The draft Bill regulating the Greek Gaming Market was submitted to Parliament by the Ministry of Finance on March 17th, 2011 providing for the legal activity of technical leisure games and games of chance, as well as for the granting of licenses via an international public tender for the conduct of games of chance either via gaming machines or via the Internet. The main objectives of the new draft Bill are the protection of the public interest, the compatibility of the Greek law to EU law as well as to ensure important state revenues.
The abovementioned draft Bill must be notified to the European Commission according to the provisions of Directive 98/34 as new technical requirements are included therein. Thus, a delay of at least three months is envisaged for the voting procedure before the Greek Parliament. The Greek Government after two unfruitful requests before the EU Commission for urgent consideration of the draft Bill is waiting the lapse of the standstill period on July 6th, 2011 to proceed to the voting.
The aforementioned Bill will have as a result the enlargement of the market, the establishment of legal competition in the gaming market, but also the spread of gambling throughout the country. One of the most important issues emerging from the draft Bill is the protection of minors. The draft Bill sets the minimum age of eligibility to participate in gambling activities at 21, forcing this way the Government to subsequently amend the minimum age for entrance to casinos in order to avoid unfair competition. However, the lack of provisions for specific requirements for the control of age of the player gives rise to concern. Especially for the participation in games of chance via the Internet, there are no specific provisions for the way the individual player card will be issued and consequently for the way of control and accreditation of age of the player. Thus, an obvious danger exists: the limitation of control to a simple declaration by the player.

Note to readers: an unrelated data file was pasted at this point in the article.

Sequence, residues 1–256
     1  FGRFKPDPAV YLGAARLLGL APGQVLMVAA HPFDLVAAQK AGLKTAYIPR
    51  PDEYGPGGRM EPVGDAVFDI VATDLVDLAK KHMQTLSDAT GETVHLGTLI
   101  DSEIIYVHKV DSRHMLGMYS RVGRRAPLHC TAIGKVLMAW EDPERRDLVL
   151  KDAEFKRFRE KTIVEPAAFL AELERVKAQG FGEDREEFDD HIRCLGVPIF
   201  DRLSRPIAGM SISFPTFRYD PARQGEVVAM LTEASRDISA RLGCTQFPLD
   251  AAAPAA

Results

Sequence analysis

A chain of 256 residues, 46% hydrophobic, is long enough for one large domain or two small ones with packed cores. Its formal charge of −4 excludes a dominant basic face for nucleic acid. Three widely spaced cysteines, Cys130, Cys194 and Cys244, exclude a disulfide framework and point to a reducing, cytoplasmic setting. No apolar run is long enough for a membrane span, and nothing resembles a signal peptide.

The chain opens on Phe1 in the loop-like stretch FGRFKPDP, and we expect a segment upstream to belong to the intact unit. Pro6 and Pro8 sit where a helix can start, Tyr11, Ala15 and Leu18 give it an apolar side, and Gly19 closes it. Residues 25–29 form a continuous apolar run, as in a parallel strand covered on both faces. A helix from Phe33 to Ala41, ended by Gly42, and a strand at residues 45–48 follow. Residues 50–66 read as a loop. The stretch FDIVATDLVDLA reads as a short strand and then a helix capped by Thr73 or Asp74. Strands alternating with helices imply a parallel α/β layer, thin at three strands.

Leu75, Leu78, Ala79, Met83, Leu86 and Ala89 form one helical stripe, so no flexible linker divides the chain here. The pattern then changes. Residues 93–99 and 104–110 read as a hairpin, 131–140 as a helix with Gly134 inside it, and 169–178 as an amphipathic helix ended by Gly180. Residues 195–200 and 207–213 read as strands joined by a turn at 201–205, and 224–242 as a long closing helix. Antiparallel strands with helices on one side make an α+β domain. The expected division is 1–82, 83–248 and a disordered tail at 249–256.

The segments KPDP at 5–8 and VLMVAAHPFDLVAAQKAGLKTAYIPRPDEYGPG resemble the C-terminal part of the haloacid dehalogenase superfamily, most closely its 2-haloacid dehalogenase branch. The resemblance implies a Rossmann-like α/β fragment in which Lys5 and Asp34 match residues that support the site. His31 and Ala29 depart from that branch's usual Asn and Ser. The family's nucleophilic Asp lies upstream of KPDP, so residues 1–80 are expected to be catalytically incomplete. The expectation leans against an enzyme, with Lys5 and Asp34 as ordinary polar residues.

The Ministry of Finance staff expects by the enforcement of the said Bill the limitation of the “black market”, by legalizing more then 20,000 already existing illegal gambling machines as well as an important revenue by the taxation of the huge annual turnover of online gambling activities. Moreover, stakeholders via their comments on the draft Bill put on public consultation have succeeded the final text of the draft Bill to provide for a taxation on the license holders’ gross profit and not on their annual turn over, as provided for in the first place, as well as the possibility for illegal actors of the market to participate to the forthcoming public tender. Finally, we are still waiting for the Government’s final position to OPAP pressure. OPAP puts forward that the current legal framework (L.2843/2000), as well as the Agreement between the Greek State and OPAP dated December 15th, 2000, both allocate to OPAP an exclusive right for the conduct of games, as the Greek State has committed itself to firstly propose to OPAP the conduct and administration of new games.
Shall we note at this point the great interest expressed by foreign undertakings to participate in the Greek Gaming Market provided that the terms of the Bill’s final text will be favourable for their activities and that safeguards will exist such as fair taxation and the use of security measures in order to avoid the involvement in the Greek market of unlicensed players, mainly via the Internet.
Edited by Crystallia Iatridou, Dimitra Georgaraki